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Cyber attacks targeting more small, midsize businesses: Panel

Cyber attacks targeting more small, midsize businesses: Panel

CHICAGO—The nation's small and midsize businesses are becoming more vulnerable to cyber crime, experts warned during an event hosted by the Chicago Council on Global Affairs.

Howard A. Schmidt, special assistant to the president and cyber security coordinator for the White House, said cyber crime threatens every aspect of life.

“Information networks are increasingly the backbone of our economy, infrastructure, national defense and personal well-being,” Mr. Schmidt said during the event last week. “Unique to cyber risk, there is no shortage of threat actors—whether they be local or international criminals or nation states.”

Mr. Schmidt said that as large corporations and the U.S. government divert more resources to defending against cyber crime, criminals will seek to exploit smaller entities with less wherewithal to defend themselves.

“As big businesses get better at protecting their assets, criminals are not going to give up; they are just going to look for the next set of victims,” he said. “So small and medium-sized businesses and state and local governments are now on the front lines of this even more than some of the large enterprises.”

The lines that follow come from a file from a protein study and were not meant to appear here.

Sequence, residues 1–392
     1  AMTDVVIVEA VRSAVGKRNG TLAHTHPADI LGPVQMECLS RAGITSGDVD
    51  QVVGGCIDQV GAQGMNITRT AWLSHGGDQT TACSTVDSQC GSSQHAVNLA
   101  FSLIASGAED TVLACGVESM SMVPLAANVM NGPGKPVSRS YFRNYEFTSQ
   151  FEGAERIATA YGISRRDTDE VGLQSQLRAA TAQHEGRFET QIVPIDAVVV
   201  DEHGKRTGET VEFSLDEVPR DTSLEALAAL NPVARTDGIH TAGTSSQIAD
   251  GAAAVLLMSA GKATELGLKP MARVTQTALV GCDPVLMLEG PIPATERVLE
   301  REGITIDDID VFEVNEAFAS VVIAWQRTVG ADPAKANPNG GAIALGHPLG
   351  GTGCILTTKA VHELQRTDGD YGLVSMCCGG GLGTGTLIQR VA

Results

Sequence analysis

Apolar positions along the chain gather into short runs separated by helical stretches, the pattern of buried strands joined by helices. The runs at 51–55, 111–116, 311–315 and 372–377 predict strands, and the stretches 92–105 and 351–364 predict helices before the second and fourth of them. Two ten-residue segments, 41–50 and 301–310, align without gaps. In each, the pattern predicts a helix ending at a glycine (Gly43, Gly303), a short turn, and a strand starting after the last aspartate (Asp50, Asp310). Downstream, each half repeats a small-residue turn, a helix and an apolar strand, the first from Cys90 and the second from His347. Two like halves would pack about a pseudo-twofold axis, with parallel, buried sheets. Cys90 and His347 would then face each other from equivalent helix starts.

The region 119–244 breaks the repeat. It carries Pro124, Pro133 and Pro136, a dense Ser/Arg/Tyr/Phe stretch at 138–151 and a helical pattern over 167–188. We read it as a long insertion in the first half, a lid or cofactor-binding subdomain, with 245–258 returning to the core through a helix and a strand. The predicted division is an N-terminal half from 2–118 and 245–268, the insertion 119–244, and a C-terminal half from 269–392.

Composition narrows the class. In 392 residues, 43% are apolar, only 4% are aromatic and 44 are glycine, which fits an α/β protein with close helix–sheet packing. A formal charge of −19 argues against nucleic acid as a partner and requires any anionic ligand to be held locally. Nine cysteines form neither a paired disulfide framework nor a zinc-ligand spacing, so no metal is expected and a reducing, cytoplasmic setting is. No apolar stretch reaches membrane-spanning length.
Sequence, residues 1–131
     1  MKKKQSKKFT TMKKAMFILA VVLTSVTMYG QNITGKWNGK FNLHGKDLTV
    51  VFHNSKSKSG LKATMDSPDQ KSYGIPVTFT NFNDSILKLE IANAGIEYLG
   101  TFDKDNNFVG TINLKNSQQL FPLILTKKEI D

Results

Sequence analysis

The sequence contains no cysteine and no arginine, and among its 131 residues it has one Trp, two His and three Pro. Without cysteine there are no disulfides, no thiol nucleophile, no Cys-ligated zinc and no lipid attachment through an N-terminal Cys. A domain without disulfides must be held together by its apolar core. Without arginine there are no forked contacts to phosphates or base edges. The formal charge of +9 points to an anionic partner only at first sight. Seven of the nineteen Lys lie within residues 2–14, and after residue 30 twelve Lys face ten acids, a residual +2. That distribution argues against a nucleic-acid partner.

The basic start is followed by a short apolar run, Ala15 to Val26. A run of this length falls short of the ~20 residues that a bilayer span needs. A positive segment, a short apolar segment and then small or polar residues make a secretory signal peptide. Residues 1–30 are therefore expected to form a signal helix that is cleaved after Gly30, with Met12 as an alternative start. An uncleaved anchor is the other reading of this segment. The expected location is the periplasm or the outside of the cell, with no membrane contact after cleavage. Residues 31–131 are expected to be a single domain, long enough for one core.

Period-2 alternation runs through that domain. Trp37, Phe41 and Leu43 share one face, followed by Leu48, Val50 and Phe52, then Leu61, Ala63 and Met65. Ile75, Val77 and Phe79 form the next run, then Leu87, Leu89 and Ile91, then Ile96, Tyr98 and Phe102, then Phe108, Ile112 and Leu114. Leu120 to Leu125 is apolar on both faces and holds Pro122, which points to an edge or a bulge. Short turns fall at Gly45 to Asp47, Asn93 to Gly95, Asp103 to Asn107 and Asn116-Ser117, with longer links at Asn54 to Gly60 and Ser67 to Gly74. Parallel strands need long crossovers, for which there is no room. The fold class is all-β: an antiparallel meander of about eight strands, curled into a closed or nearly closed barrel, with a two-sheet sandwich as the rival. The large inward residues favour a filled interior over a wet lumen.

While stand-alone cyber risk policies have been around for more than a decade, they have become more popular recently, said Lori Bailey, global chief underwriting officer of professional liability, Zurich Insurance Group.

“The numbers of companies that are buying (cyber insurance) is increasing,” Ms. Bailey said. “Also, the coverage has moved from a policy offering to more of a service offering. It's now about making sure that there is a team behind the policy making sure a company is prepared to respond to incidents.”

While the insurance industry and security professionals have made headway understanding cyber risks, greater awareness of information security is needed, she said. An employee clicking on a phishing email can nullify even the most carefully crafted security plan. “The process and technology part of this we get,” she said. “Social engineering has gotten very sophisticated and it is absolutely a driver of claims. People remain the problem.”

The event, “Cybersecurity: Protecting the Global Network,” was sponsored Schaumburg, Ill.-based Zurich Financial Services Group and convened leaders from business, government and academia to discuss the issue.